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In fact, as it turned out, the juvenile – this year’s model, but already more or less fully grown – was sitting on this nest, as if he’d just discovered that his parents had a second home and had decided to squat it. Our first proper sighting! It was some distance away – not quite a quarter of a mile but that scope came in handy – but near enough for Sam to witness ‘teen-boy’ attending to his toiletry needs, a dramatic squirt of almost day-glo white that I swear could have been picked up by any passing satellite.

But for close-up encounters with white-tailed eagles, Dave recommended that we spend a morning with Martin Keivers of Mull Charters. Martin has a boat at Ulva Ferry, and most days between April and October, he motors into Loch Na Keal, throws a mackerel out of the back of the boat and waits.

So off we went, some of us consuming our packed lunch within the first five minutes. We still had a biscuit or two for the remainder of the day, or if the kids got really hungry, there was always fish.

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Anyway, luckily, something happened pretty quickly to take their minds off food.

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“When the eagle starts coming close,” Martin had warned us, “keep as quiet as possible. We don’t want to put it off its meal.”

Unfortunately, one member of the crew couldn’t contain his enthusiasm. “The big bird’s getting closer,” Mungo yelled excitedly, as the eagle circled around the boat.

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It certainly was. “The big bird’s getting closer,” he yelled again, this time prompting a flicker of consternation (polite, for now at least) from some of the other clients on board.

I’m not quite sure what he was saying as the bird swooped on the fish and took it clean out of the water as if it possessed a spear gun on its talons, because I was hurriedly stuffing him into the cabin while simultaneously trying to get some record of our adventure. Which I did, just about.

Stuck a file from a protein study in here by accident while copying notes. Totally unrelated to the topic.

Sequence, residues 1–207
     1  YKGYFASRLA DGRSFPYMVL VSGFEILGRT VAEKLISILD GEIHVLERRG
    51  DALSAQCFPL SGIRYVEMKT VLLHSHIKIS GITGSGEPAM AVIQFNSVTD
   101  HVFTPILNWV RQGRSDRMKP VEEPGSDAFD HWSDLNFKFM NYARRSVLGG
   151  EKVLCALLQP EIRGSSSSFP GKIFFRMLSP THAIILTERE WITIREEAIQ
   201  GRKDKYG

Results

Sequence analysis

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But at least we all saw it – you could hardly miss such an event.

Sam had watched with his eyes popping out of their sockets – and we got to see it happen twice more. He was also intently looking out for any passing ravens (numerous were spotted, he got rather expert at recognising their cronking calls) or the more elusive otter – none on this particular day, but we had already had an excellent sighting from our self-catering cottage overlooking the Sound of Mull.

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Meanwhile, Mungo – released from cabin captivity – was enjoying life on the ocean waves.

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And to top it all, they got to drive the boat.

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When you consider that white-tailed eagles went extinct, thanks to persecution, in the UK in the early 1900s, and were only reintroduced (to the island of Rum, not Mull) over 10 years between 1975 and 1985, it’s remarkable that we and our children can watch them so easily today. Next time, though, it would be great if one of them could keep a little quieter.